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Hippo at the LA Zoo Photo Credit Tad Motoyama

Scientific Name: Hippopotamus amphibius

The hippo is the "King of the River," spending most of its time in the water, coming out to graze at night on the grass.

King of the River

Hippos live in schools of 10 to 150 individuals. The bulls occasionally fight for territory and mates; males can run up to 35 miles an hour for short bursts in order to chase off a rival. Bulls have an odd habit of spinning their tail while marking their territory with dung.

Females give birth away from the herd, while submerged underwater.  A single calf is born (rump first), which immediately paddles to the surface for breath then submerges again to nurse. They will bond for two weeks before rejoining the herd.  Babies can often be seen resting on their mothers’ backs.

The hippo can remain submerged water for five minutes at a time, closing its ears and nostrils. With eyes, ears, and nostrils on the top of the head, hippos are able to hear, see, and breathe while most of their body is submerged.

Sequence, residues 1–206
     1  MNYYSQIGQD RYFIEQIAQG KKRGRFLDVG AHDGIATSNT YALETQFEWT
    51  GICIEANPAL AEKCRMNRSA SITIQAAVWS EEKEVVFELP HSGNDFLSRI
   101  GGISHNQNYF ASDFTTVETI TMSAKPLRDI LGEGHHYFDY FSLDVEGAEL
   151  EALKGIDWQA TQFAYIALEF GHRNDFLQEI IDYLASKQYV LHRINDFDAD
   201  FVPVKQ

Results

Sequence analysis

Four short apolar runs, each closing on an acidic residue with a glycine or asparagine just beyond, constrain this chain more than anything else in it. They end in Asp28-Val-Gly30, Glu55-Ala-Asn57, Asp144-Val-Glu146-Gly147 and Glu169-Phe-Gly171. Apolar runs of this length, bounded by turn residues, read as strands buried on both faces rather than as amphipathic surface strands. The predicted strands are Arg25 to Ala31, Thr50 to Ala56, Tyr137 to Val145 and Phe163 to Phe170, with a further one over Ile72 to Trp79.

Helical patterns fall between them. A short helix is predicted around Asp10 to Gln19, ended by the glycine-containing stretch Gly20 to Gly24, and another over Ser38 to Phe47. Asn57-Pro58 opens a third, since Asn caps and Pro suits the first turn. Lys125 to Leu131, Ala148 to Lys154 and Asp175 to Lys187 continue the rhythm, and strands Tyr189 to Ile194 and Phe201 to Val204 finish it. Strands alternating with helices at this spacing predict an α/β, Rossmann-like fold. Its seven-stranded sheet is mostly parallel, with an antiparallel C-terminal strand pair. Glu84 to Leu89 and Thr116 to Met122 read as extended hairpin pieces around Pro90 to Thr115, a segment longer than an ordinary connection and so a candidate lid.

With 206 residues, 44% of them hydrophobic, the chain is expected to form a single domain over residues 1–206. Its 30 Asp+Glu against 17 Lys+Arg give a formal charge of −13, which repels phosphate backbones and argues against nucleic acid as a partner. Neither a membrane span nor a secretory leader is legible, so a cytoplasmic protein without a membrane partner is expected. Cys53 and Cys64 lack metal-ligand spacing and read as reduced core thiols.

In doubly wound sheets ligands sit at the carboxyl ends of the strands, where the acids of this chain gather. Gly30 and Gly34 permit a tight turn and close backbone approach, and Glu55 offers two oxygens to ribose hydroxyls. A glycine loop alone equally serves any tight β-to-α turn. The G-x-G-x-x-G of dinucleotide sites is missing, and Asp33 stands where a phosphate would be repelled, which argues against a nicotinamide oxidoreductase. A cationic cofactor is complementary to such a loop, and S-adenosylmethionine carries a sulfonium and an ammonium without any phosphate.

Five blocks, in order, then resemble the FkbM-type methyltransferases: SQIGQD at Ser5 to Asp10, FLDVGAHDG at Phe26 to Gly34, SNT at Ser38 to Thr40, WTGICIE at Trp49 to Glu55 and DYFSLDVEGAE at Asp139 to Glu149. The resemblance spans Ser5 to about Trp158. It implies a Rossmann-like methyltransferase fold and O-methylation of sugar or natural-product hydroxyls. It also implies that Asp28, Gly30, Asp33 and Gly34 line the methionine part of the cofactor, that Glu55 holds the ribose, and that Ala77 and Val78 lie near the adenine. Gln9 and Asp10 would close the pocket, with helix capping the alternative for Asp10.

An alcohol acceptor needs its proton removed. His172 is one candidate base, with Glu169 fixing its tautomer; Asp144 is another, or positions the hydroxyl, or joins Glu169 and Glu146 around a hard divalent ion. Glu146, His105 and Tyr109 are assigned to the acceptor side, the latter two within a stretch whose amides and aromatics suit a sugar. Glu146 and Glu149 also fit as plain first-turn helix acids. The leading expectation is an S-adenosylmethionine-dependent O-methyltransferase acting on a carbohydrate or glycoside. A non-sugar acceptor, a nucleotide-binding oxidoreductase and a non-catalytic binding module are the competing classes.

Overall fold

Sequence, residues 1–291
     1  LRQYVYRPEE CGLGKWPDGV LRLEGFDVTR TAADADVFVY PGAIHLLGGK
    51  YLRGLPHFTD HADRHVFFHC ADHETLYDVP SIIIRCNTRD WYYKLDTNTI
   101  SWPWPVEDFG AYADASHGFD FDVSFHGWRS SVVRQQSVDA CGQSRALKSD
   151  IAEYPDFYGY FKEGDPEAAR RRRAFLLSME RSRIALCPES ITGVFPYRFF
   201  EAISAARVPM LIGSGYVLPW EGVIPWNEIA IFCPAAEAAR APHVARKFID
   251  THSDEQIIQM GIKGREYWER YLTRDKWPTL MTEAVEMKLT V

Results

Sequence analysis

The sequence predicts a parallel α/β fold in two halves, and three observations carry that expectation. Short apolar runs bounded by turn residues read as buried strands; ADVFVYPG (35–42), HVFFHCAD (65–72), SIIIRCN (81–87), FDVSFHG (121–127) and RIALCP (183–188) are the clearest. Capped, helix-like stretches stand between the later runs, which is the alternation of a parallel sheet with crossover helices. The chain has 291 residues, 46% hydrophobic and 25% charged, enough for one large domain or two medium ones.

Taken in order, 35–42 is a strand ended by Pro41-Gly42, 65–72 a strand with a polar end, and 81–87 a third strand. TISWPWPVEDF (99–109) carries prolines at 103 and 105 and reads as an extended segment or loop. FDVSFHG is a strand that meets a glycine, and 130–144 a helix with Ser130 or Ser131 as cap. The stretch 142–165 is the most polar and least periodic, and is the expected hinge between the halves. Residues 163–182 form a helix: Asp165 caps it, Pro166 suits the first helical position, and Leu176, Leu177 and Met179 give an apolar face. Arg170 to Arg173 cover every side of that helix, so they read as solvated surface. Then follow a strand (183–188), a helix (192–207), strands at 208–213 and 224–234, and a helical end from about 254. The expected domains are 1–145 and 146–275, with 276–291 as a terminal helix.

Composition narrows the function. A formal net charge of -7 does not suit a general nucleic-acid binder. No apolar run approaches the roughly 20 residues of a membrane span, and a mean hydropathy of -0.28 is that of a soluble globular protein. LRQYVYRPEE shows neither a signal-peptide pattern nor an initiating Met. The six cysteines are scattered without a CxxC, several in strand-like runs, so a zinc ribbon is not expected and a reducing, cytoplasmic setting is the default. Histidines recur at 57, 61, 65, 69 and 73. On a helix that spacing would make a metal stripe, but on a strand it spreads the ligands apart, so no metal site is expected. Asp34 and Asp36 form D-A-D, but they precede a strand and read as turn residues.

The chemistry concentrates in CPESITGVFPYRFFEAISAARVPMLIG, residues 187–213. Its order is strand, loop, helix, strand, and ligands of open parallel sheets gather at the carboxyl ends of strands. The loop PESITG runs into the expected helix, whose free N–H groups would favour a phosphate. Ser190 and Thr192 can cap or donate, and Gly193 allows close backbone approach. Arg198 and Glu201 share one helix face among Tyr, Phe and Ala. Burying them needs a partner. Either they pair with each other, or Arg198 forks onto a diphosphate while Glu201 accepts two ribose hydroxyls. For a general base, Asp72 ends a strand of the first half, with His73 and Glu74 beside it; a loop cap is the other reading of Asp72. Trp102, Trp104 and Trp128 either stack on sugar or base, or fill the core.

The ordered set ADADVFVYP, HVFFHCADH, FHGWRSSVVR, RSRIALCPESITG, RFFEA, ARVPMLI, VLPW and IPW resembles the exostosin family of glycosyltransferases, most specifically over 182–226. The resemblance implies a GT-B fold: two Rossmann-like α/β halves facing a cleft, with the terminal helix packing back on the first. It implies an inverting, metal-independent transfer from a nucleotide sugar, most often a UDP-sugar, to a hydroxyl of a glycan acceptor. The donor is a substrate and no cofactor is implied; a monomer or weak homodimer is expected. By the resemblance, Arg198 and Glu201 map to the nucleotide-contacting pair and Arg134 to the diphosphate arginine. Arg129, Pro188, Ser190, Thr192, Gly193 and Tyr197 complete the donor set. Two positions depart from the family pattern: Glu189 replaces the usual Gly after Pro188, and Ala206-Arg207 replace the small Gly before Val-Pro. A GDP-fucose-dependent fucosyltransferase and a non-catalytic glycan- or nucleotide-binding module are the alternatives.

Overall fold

A whole ecosystem depends on the mighty hippos; for example, their dung provides nutrition for many species, from invertebrates to fish. They also keep the waterways free-flowing by consuming aquatic plants.

Hippos are listed as Vulnerable by the International Union for Conservation of Nature (IUCN).

Confined to rivers, lakes, and swamps of sub-Saharan Africa. Hippos need sufficient water in which they can totally submerge.

Hippos are grazers, preferring short grass. They require less food daily than many other hoofed animals because of their sedentary lifestyle.

Hippos are the only artiodactyls (even-toed ungulates) with four toes on each foot. Males grow to 11 feet and weigh up to 7,000 pounds, while the females are smaller, up to 3,000 pounds. It was originally thought that hippos could “sweat blood,” but in reality they possess a unique gland that produces a viscous red fluid that functions like a sunscreen to protect their thick skin from sunburn and infection.  Hippos live an average lifespan of 24 years in the wild or 50 years in captivity.

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